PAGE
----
On 13 Mar, 2008, at 23:14, mario alejandro wrote:
> I'm a developer with 10+ of experience in developing with
> Delphi, .NET, Python, FoxPro and other small langauges. I have 2
> years working in the windows mobile plataform and with the release
> of the iphone sdk I wish port my actual solution (for take orders)
> to iphone.
> Despite I understan the c-derivates languages and looking at Objc-c
> is not that bad as C++, as you can see on my language list I prefer
> run away anything that smell as C ;)
> I know pyObjc is already ported to iPhone. Let's imagine that the
> Apple licence restriction allow to use python here.... how good can
> be use pyObjc instead of go native?
The rest message was written without access to an actual iPhone or
Touch, and hence not necessarily based on reality :-).
> I don't need a explanation on how great is python, I know. I wonder
> - I can acces the specific abilities of iphone as the contact,
> photos, accelerometer & seudo-gps?
A PyObjC port would allow access to all Objective-C API's, just like
on the desktop. So I guess the anwser to your question is "yes".
> - Is a nightmare the deployment or is a pice of cake? The end-user
> need install complex unix-like things, install outside the python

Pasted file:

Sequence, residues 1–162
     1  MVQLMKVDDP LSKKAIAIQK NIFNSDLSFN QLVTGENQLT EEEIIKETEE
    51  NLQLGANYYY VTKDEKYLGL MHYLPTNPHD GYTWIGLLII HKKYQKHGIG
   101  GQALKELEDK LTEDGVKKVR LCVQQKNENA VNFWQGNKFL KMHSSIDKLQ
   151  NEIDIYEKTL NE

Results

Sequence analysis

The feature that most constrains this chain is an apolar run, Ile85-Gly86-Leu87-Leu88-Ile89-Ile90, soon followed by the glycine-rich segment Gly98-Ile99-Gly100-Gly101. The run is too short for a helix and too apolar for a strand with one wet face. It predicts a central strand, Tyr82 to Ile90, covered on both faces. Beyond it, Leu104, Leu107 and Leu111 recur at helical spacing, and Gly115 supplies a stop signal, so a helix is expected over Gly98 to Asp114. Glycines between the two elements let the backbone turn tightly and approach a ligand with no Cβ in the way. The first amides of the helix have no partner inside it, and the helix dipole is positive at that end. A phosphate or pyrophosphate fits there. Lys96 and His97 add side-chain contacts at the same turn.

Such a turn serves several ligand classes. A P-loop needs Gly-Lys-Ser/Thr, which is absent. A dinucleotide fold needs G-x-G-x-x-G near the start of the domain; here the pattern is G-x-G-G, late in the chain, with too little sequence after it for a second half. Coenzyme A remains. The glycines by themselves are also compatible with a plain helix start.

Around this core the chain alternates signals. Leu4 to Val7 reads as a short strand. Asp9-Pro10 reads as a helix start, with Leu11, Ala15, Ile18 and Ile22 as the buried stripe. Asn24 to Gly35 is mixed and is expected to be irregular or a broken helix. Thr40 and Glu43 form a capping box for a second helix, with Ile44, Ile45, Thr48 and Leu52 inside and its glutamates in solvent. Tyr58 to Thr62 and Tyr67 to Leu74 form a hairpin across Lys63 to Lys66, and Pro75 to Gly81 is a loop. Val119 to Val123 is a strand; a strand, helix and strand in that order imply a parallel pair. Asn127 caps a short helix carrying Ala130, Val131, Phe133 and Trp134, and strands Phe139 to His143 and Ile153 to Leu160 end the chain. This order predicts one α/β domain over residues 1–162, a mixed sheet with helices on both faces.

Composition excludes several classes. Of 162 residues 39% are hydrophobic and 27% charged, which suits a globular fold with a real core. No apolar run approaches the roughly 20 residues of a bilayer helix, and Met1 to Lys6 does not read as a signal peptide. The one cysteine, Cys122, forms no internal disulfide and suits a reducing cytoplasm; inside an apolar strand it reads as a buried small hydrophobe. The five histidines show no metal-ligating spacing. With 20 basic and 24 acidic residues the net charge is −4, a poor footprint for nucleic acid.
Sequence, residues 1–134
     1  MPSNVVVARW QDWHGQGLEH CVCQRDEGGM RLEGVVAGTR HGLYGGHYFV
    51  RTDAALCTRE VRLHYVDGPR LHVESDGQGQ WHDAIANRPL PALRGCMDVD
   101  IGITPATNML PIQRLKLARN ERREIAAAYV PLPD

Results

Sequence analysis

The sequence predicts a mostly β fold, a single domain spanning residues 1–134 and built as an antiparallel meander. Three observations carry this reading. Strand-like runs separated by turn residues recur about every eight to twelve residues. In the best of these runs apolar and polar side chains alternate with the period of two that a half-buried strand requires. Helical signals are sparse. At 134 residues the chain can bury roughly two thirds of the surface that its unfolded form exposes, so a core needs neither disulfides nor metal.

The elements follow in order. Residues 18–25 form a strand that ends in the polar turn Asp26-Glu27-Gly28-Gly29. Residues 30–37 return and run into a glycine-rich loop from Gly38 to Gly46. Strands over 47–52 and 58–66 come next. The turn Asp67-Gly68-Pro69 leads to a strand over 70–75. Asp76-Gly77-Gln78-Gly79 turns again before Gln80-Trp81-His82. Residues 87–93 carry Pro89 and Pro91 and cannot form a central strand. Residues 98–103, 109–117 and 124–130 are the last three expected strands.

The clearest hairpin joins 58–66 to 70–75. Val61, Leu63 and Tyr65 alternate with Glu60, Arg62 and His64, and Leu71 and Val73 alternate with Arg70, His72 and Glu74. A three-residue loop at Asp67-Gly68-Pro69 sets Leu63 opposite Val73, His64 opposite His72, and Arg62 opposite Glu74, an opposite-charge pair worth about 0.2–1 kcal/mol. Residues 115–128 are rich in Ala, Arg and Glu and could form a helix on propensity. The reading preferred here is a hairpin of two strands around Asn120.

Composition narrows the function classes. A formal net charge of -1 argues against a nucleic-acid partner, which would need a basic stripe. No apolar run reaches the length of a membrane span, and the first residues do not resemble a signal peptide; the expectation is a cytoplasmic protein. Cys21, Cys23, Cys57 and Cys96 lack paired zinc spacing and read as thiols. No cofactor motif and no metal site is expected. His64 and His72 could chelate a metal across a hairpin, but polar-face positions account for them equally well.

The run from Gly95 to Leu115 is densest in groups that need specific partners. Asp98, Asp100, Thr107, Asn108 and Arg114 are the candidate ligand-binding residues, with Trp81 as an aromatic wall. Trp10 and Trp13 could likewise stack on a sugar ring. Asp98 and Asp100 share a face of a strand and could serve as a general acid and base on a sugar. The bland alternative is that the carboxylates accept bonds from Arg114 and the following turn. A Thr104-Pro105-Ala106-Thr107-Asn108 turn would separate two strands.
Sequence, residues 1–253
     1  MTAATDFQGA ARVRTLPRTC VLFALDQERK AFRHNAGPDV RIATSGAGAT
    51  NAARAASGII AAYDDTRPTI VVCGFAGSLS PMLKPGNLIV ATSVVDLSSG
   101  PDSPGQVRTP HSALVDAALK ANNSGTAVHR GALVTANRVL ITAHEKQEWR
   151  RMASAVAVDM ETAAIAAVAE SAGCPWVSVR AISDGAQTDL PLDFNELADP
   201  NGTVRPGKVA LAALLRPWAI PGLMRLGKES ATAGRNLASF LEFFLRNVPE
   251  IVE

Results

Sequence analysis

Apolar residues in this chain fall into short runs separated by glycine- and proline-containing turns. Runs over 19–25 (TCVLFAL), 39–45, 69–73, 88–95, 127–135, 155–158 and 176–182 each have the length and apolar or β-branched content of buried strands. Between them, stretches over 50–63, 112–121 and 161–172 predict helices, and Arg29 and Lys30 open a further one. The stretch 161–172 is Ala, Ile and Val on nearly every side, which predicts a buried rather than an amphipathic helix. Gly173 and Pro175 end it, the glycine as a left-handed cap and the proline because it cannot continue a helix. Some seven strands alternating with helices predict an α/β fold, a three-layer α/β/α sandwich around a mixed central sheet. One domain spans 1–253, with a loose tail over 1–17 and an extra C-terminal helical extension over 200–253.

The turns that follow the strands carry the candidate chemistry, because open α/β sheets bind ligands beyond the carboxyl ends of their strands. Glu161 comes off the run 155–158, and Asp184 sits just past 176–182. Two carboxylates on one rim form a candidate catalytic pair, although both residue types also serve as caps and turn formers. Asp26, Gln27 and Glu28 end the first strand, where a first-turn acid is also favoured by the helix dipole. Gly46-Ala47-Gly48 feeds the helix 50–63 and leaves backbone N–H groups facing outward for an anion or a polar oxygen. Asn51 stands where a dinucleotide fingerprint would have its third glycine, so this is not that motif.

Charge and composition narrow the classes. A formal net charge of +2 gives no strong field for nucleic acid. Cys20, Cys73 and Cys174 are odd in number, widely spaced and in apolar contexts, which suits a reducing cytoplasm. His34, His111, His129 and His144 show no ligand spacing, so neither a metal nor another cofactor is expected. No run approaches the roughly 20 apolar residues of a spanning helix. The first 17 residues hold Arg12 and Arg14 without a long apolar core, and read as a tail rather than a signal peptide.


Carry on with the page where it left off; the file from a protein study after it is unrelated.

> interpreter, mess with the iphone configuration or jailbreak it?
That depends on what Apple will allow. If Apple allows PyObjC
applications on the appstore deployment would be easy. Even with a
jail-broken phone it should be possible to tweak py2app to build
standalone .app bundles that can be installed using Installer.app.
But please not that this does require some enginering work: py2app is
currently not able to do cross-builds.
> - I lost the debugging & tracing or is full suported?
I don't understand the question.
A question you don't specifically ask is: what are the advantages and
disadvantages of using Python instead of Objective-C on the iPhone.
Let's start with two major-ish disadvantages: you're .app bundle will
be relatively large because you will have to embed Python (or you have
to use a jailbroken device and a package manager application). A
second disadvantage is raw speed: Python code is slower than C code,
and this tends to be more noticable on slow devices like an iPhone.
That said, we've deployed hybrid Python/C++ applications on iPaq
devices (C++ GUI, Python for everything else) and those are perfectly
usable on devices slower than an iPhone.
The major advantages of Python are the availability of loads of useful
libraries and a very rapid development process due to having very high
level language. Those advantages are just as useful on a mobile device
as on the desktop and server. This should at least allow you to
prototype your application in Python.